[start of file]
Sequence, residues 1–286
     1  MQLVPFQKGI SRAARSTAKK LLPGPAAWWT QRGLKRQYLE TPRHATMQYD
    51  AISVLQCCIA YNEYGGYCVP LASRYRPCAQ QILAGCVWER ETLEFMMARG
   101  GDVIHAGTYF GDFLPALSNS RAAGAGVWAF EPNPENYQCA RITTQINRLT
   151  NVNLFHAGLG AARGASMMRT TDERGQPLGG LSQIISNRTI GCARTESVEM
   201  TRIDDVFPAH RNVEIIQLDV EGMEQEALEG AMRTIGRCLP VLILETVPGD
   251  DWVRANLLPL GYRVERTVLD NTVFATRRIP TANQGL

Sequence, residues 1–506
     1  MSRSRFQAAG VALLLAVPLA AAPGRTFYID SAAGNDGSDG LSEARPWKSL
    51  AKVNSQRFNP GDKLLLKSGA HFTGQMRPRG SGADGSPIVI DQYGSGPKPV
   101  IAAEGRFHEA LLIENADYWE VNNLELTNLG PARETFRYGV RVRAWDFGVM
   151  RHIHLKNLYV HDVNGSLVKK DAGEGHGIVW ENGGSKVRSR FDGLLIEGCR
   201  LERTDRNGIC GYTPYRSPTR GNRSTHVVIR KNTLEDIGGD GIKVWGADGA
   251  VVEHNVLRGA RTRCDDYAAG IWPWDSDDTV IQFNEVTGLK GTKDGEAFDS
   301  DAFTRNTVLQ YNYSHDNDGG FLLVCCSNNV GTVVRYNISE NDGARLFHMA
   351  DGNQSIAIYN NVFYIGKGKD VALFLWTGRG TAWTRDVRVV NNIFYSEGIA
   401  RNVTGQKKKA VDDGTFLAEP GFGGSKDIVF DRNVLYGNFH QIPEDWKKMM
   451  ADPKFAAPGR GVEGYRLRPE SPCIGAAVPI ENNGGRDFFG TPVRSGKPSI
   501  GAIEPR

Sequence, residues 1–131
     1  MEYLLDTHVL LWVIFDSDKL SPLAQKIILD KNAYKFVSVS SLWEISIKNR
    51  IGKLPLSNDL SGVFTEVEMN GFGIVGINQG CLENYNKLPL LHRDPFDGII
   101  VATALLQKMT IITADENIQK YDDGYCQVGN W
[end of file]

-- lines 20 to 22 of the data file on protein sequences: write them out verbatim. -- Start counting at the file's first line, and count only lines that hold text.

Sequence, residues 1–131
     1  MEYLLDTHVL LWVIFDSDKL SPLAQKIILD KNAYKFVSVS SLWEISIKNR
    51  IGKLPLSNDL SGVFTEVEMN GFGIVGINQG CLENYNKLPL LHRDPFDGII